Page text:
UN relief chief heads to South Sudan to bolster humanitarian response as country's challenges mount

21 July 2015

The top United Nations humanitarian official is heading to South Sudan where a new cholera outbreak has claimed nearly 40 lives, more than 2.2 million people have been uprooted from their homes by conflict and nearly 8 million others are expected to face food shortages during the rainy reason.

Over 1,210 cholera cases, including 39 deaths, have been reported in Juba and Bor counties, according to the World Health Organization (WHO). Most of the cases, and 38 of the deaths, were reported in Juba County.

“In response to the outbreak, health partners have set up cholera treatment centres and oral rehydration point in both counties, and are conducting cholera prevention activities, including hygiene promotion and improvement of access to safe drinking water,” the UN Office for the Coordination of Humanitarian Affairs (OCHA) reported today.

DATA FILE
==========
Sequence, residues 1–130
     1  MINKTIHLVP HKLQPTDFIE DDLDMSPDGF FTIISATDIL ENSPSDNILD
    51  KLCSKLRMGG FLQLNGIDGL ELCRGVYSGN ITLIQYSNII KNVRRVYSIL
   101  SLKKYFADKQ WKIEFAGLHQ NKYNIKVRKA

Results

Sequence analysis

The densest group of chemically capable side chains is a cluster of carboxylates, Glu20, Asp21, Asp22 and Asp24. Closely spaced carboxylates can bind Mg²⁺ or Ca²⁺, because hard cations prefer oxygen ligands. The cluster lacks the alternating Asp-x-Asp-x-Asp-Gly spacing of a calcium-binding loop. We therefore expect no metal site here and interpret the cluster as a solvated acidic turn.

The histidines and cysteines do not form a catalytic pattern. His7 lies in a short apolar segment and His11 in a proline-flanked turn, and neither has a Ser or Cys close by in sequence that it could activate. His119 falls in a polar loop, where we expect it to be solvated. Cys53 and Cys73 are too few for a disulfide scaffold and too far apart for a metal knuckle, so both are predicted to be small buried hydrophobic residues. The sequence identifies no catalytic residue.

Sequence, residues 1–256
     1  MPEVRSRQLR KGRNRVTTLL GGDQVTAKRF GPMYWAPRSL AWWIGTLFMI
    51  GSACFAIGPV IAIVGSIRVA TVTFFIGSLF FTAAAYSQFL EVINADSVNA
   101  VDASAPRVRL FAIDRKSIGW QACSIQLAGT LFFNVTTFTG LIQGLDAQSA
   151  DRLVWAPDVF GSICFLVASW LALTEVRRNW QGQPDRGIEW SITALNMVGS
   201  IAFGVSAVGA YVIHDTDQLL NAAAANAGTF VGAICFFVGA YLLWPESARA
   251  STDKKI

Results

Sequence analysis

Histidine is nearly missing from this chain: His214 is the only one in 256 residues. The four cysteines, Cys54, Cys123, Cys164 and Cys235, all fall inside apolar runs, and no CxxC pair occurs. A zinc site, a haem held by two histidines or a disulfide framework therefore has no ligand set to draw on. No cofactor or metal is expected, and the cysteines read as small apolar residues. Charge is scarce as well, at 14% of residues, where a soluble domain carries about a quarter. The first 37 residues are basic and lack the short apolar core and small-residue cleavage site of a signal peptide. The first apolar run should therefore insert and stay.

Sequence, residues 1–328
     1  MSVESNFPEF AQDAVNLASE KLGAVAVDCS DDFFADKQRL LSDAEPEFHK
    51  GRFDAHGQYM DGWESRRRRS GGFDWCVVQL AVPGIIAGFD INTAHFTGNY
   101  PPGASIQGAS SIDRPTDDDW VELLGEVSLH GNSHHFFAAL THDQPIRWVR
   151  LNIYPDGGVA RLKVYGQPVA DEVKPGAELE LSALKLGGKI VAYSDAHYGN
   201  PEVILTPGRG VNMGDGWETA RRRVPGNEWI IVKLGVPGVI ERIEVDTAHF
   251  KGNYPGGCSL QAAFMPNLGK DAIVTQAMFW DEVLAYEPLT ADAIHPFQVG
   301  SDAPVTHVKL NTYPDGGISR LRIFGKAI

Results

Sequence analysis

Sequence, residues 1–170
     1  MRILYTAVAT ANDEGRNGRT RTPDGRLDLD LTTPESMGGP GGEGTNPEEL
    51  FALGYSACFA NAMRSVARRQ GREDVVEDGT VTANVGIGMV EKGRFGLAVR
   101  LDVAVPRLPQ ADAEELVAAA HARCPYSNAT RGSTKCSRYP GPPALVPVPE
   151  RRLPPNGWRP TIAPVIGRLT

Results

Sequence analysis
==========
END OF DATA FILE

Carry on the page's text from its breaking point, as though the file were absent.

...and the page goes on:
OCHA added that some 99,000 people have received cholera vaccines in two counties, Juba and Bentiu.

The UN Emergency Relief Coordinator, Stephen O’Brien, who is also the UN Under-Secretary-General for Humanitarian Affairs, is scheduled to visit Juba and Unity state in South Sudan beginning Wednesday on a four-day visit to see first-hand the humanitarian consequences of the conflict, and efforts by aid organizations to respond to escalating needs, his office announced today.

More than 2.2 million people have been uprooted from their homes by the conflict, including 1.6 million people who have been internally displaced and over 600,000 who have fled to Sudan, Ethiopia, Kenya and Uganda as refugees, according to OCHA.

“During his visit Mr. O’Brien is expected to meet communities affected by the violence, senior Government officials, humanitarian partners and the diplomatic community, to discuss the crisis and ways of strengthening the humanitarian operation,” his office said.

OCHA also reported an “alarming” food security situation with nearly 70 percent of the country’s population – 7.9 million out of 11.6 million people – expected to face food insecurity this rainy season.

“The lives of more than a quarter of a million children are at risk from rapidly worsening nutrition,” it said. “In half the states, one in three children suffers from acute malnutrition.”


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